What was the holding of the Slaughterhouse Cases?

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The Slaughterhouse Cases held, one, that citizenship of a State was separate and distinct from citizenship of the United States; that a citizen of a State was separate and distinct from a citizen of the United States. Also held, that there are now two citizens under the Constitution of the United States of America, a citizen of the United States, at Section 1 of the Fourteenth Amendment, and also a citizen of the several States, at Article IV, Section 2, Clause 1 of the Constitution.

A citizen of the United States, under Section 1, Clause 1 of the Fourteenth Amendment, can become also a citizen of a State. A citizen of the several States is also a citizen of a State, under Article IV, Section 2, Clause 1 of the Constitution ("the citizens of each State"), or; in other words, a citizen of a State, who is not a citizen of the United States, is entitled to privileges and immunities of citizens of the several States.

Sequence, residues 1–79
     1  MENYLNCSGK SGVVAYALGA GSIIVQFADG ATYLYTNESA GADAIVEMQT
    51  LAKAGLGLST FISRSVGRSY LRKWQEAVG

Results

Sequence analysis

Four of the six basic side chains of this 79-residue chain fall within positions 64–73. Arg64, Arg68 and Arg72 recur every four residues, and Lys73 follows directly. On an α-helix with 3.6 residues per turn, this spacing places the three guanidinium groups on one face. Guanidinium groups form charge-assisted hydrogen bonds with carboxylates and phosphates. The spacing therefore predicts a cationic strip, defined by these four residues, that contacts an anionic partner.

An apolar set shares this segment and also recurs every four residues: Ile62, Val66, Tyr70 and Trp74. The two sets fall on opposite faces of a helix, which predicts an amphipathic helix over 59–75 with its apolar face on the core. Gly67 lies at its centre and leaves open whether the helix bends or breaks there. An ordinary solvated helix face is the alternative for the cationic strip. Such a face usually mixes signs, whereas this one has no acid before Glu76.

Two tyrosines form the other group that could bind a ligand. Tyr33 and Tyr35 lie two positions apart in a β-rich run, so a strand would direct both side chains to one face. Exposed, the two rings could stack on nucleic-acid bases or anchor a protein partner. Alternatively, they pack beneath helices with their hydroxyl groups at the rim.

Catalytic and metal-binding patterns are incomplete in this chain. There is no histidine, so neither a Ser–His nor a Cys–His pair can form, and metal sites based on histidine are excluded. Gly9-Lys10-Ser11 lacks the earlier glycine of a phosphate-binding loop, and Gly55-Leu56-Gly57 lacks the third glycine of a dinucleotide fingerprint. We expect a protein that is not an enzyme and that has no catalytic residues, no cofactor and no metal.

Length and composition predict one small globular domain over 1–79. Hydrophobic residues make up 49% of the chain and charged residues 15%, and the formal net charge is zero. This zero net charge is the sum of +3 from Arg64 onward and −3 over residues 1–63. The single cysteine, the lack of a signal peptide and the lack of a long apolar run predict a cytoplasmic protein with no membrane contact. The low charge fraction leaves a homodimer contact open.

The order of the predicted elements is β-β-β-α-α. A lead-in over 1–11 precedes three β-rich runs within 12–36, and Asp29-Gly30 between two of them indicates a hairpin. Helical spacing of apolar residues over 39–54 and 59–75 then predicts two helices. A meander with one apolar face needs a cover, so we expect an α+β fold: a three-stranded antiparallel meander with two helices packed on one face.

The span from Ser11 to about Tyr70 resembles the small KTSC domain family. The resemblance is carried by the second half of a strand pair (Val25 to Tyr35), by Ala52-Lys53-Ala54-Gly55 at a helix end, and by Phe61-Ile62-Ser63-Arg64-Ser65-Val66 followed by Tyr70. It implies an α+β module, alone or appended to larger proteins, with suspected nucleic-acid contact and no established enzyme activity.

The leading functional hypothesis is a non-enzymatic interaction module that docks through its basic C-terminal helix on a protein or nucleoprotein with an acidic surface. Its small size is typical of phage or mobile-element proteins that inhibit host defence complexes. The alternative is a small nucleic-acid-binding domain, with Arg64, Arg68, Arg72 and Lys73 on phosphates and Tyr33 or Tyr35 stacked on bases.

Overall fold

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Published In: Constitutional Law Updates, Elections & Politics Updates, Government Contracting Updates, Immigration Updates, International Trade Updates

DISCLAIMER: Because of the generality of this update, the information provided herein may not be applicable in all situations and should not be acted upon without specific legal advice based on particular situations.

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